Rochester based band Joywave is reinventing classic ‘80s pop with an electric twist. Comprised of Daniel Armbruster’s vocals, Sean Donnelly on bass, Travis Johansen on keys, Paul Brenner on drums and Joseph Morinelli on guitar—Joywave is a beautiful blend of Joy Division, Echo and the Bunnymen with a splash of New Order. Garnering inspiration from classic ‘80s pop band Soft Cell, Damon Albarn of the Gorillaz and conceptually even Kanye West, the band has been making waves since 2010.

They released their debut EP, How Do You Feel, demonstrating a knack for blending influences. Since the release of their EP in March, they scored a No. 1 hit on the Alternative Singles chart for “Dangerous,” a collaboration with Big Data. They also performed on Late Night with Seth Meyers and toured the West Coast, making headlines for their Lollapalooza set. Rolling Stone said, “their chemistry makes them compelling” enough to make every song a hit.

We met up with Sean and Dan to talk about performing, their creative processes, musical influences and more. Get to know them below.

How did you guys meet and form Joywave?

We met in highschool, Sean and my sister were graduating high school together. I ended up at Sean’s afterwards because I wanted some software he had, we got to talking and I asked him if he wanted to be in my band and he said yes. That was many years ago, we started making music then with various bands and then we really came together in 2010.

Tell us about your first show?

It was really horrible. It was one of our worst shows ever, we didn’t play for months afterwards. All the songs were very new and it was the first time we played any of them live. It was really cold outside and I had to walk like 45 minutes so my vocal chords were all frozen.

What is it like touring? Is there anything special you always carry with you?

Touring is great. We’d never been to the West Coast before, went through the Redwood Forrest and just drove along the coast, seeing things we’ve never seen before.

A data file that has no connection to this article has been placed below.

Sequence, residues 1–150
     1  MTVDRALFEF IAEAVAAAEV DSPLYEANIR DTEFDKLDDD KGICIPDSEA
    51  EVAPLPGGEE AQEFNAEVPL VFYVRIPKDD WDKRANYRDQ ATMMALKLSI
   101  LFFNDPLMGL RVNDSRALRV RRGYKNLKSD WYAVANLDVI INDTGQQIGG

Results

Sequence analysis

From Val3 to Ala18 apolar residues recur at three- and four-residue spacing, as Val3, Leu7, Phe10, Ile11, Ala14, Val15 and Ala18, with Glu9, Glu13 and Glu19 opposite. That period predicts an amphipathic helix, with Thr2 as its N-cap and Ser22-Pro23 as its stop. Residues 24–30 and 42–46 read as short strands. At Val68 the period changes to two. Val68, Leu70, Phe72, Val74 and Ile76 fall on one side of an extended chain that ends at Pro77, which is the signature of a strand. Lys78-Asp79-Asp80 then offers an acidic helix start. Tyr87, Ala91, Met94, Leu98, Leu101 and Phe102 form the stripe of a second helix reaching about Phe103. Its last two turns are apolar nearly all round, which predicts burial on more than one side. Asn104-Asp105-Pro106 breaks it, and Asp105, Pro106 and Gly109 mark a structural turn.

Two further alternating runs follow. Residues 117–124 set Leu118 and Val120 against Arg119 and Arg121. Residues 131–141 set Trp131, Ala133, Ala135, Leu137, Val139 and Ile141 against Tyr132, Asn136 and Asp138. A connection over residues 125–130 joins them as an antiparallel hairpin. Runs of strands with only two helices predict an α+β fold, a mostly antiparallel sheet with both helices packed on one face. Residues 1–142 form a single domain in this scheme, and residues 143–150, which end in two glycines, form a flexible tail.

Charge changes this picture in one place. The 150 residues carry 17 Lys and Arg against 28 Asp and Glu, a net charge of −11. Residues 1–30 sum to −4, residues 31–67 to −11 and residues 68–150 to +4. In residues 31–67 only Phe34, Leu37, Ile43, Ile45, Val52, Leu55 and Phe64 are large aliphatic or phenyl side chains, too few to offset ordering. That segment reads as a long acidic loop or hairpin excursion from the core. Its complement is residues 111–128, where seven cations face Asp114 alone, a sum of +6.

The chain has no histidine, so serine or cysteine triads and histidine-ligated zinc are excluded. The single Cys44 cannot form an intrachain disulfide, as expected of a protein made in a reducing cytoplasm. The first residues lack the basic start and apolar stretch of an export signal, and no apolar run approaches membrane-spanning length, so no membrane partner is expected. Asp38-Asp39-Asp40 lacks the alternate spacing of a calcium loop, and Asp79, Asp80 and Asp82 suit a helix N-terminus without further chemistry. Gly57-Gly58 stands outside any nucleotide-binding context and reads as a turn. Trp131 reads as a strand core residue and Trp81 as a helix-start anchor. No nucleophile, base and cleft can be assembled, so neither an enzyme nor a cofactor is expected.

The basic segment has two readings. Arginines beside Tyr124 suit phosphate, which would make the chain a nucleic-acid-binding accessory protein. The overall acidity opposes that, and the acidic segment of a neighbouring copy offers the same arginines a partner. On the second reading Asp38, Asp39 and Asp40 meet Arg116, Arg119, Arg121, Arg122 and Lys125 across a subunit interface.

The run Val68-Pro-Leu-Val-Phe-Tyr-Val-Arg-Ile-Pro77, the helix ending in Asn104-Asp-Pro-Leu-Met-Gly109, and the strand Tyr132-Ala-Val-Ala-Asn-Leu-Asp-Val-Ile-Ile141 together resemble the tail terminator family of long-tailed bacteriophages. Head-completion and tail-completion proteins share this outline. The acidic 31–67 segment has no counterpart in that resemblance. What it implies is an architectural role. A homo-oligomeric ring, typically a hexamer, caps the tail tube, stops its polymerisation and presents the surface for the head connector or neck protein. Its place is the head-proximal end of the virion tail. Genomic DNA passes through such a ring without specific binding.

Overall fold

There isn’t really anything special we bring. Someone asked me the other day, “What’s one thing you would grab if your house was burning down?” and I said “literally nothing.” I don’t have anything I’m that attached to. I’m a crazy back up person, I have different back ups for everything.

Whats the most exciting thing that’s happened since you formed?

Shooting the video for “Tongues” was really awesome. Andy Wallace produced a few the songs on our EP and we got to sit in with him, being with someone who’s done so many awesome records (like Nirvana’s Nevermind) and watching him work was pretty cool.

What are your biggest musical influences?

We’re all over the place. Kanye, we agree on Kanye. Mainly people who do what they want and aren’t afraid to evolve over the course of their career. Damon Albarn. Not even just music, we’re drawn to people who have creative personalities. That’s always more exciting to us, like the mentality more than the specifics.

How do you make your music? Instrumental or digital? What’s your process like?

It’s really hybrid. In the beginning it was all digital because it had to be, we were working with a 0 dollar budget on a laptop. Now, everything is a hybrid. There’s a lot of analog happening and a lot on the computer, usually we demo everything on the computer then we re-track it.

How does that transform to playing live?

There can be some obstacles, sometimes we have to do stuff a little different live. We like it, it’s cool to see how sounds can change when you’re playing live instead of just pressing play.

What are some challenges or advantages to working with so many people?

All of our players have different personalities and have a specific way that they play a part, so it’s always cool to see the way it comes out. Over the years its been different, there are very significant eras and sounds of the band. It’s not like we take a song from recording and recreate it live, everyone just adds their own creative flair to it.

Describe your sound?

Pop for weird people.

We always struggle with that. There are elements of pop, rock. It’s a hodgepodge of everything we like about music. Pop for weird people is sometimes an easy way to say it.

If your music an animal what would it be?

The easiest answer I can think is chameleon, or a rescued pet.

What are your dreams for Joywave? What would you like to come next?

We’re working on our full length for the fall, and then touring outside of that.

Check out Joywave’s latest track with Big Data, “Dangerous” and stream their EP How Do You Feel above.